With the body supporting means A in the sitting position and the chair unoccupied as shown in Fig. 1, the distribution of the weight of the body supporting means relative to the pivot means 28 and 31 is such as yieldably to resist rearward rocking or swinging movement of the pivotally mounted body supporting means, and the engagement of the seat B on the forward stop means 43 prevents forward rocking or swinging movement of the body supporting means from its sitting position. When the chair is occupied while its body supporting means is in that sitting position as shown in full lines in-Fig. 2, and the occupant conforms his posture to the shape of the body supporting means and relaxes, the Weight of his body is so distributed relative to the pivot means 28 and 31 that rearward rocking or swinging is yieldably resisted, and forward rocking or swinging is prevented by engagement of the seat on the forward stop means 43. Thus a stable sitting position is provided for the body supporting means.
Where the connecting means extending between the front and rear leg means includes the resilient yieldable portions 33 and 37 and thus with the legs provide a resilient, yieldable support, the body supporting means A whether occupied or unoccupied is yieldably held in the sitting position with the seat B engaging on the front stop means 43 and the back D spaced forwardly from the rear stop means 44, thus assuring further stability in that position.
If while the body supporting means is in that sitting'position (see full lines of Fig; 2) and so occupied, the occupant desires to move to the reclining position (see broken lines of Fig. 2), he grasps the arm-rest portions 35 with his hands and pushes thereagainst. That force is transmitted through his arm and shoulders to the upper end of the back D. He thus applies a sufficient rearward force against the back to tilt himself and the body supporting means A from the sitting position rearwardly about the movable joints provided by the pivot means 28 and 31 and the swingable upper ends of the front and rear leg means F and G.. As he is thus swinging rearwardly, the upper ends of the leg means swing forwardly about their axes J and K, and he employs his grip on the arm-rest portions and his arms to control the speed of rearward tilting. He thus moves to the'reclining position where the back D engages the rear stop means,44 to stop further movement of the occupant and body'supporting means.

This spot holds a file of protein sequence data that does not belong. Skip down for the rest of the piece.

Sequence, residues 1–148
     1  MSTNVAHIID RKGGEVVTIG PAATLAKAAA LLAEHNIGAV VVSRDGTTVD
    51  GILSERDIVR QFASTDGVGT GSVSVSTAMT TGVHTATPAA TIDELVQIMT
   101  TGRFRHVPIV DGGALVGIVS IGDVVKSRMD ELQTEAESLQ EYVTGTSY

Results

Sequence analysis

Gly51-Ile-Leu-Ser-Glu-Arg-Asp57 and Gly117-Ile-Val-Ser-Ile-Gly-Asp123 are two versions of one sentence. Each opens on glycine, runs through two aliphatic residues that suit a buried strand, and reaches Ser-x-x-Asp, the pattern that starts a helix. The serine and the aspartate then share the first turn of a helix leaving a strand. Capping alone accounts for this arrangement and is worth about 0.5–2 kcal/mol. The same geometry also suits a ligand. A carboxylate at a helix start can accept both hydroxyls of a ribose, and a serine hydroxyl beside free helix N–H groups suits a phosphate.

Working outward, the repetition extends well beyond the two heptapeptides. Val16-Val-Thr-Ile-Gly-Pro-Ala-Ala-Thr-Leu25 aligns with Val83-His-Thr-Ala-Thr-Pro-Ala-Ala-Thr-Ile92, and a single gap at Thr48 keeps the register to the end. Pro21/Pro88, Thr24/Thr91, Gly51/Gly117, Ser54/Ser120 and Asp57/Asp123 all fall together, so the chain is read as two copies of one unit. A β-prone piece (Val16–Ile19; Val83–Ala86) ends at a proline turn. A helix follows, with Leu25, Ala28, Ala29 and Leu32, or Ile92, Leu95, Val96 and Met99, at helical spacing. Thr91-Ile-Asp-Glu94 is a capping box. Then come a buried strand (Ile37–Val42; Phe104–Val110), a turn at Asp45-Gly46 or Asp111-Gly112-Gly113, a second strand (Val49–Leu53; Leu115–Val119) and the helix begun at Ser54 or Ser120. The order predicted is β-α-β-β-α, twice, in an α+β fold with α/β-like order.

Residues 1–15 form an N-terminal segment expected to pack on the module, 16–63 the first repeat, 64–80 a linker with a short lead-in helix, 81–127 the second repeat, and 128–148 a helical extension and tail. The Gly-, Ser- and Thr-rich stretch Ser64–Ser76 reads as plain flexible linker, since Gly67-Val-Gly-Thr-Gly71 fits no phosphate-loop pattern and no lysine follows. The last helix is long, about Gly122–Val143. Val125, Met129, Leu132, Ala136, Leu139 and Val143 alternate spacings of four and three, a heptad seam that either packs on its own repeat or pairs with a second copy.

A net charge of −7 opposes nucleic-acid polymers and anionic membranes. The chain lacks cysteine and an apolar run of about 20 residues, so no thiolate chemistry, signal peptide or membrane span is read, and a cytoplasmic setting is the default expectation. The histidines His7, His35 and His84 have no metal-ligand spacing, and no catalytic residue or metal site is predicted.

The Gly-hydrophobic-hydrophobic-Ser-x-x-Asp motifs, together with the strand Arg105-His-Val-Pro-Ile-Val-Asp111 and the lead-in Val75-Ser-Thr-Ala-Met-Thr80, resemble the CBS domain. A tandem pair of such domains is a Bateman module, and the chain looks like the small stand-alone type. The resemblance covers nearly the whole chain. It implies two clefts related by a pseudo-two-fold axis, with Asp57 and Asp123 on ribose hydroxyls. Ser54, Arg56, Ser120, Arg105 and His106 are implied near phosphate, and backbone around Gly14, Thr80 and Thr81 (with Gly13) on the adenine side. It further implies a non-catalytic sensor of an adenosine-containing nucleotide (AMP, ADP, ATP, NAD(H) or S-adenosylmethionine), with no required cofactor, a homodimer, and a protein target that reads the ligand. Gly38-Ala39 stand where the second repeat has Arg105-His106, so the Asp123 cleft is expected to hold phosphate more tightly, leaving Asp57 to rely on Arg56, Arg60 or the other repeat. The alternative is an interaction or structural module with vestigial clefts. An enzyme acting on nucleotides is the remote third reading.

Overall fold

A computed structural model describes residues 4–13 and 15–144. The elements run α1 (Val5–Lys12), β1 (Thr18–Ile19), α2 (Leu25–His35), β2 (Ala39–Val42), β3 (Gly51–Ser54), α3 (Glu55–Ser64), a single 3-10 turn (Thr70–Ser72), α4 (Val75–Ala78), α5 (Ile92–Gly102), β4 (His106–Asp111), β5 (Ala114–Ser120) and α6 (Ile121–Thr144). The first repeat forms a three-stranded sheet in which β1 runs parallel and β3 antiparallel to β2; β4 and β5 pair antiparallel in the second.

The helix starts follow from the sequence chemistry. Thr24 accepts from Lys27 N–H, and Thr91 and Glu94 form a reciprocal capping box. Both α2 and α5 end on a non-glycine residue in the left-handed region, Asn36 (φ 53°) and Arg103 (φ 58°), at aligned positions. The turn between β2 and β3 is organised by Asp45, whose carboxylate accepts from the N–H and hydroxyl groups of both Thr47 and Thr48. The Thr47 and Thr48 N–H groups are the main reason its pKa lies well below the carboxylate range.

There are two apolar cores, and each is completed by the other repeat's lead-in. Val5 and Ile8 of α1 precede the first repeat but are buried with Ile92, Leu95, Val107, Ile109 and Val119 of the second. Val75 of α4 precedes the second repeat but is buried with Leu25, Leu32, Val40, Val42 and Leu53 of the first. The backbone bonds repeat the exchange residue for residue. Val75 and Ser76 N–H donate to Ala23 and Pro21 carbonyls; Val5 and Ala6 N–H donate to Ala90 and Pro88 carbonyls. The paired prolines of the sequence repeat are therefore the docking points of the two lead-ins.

-Where the axes J and K for the swingable upper ends of. the leg means I? and .G. are provided by the disclosed resilient, yieldable support, the resilience thereof resists such rearward tilting of the body supporting means from its sitting to its reclining position and thus facilitates controlling the speed of such tilting by the occupant of the chair.
With the body supporting means in the reclining position and the chair occupied, the engagement of the back D against the rear stop means 44 prevents further rearward tilting, and the distribution of the occupants weight is such as yieldably to resist forward rocking or swinging movement of the pivotally mounted body supporting means. His weight is moreover so distributed as to prevent such forward swinging movement from the reclining position by only the resilience of the flexed, resilient, yieldable portions 33 and 37. Thus a stable reclining position is provided for the body supporting means.
If now the occupant wishes to return to the sitting position from that reclining position, he grasps the arm-rest portions 35 with his hands and pulls. That force is transmitted through his arms, torso, and upper legs to a portion of the seat B then upwardly and forwardly of the pivot means 28 and 31. He thus applies a suificient forward force against the seat to swing himself and the body supporting means from the reclining position forwardly about the movable joints provided by the pivot means 28 and 31 and the swingable upper ends of the front and rear leg means F and G. As he is thus swinging forwardly, the upper ends of the leg means F and G swing rearwardly about their axes J and K, and he employs his grip on the arm-rest portions and his arms to control the speed of the forward swinging movement, and thus returns to the stable sitting position, previously described.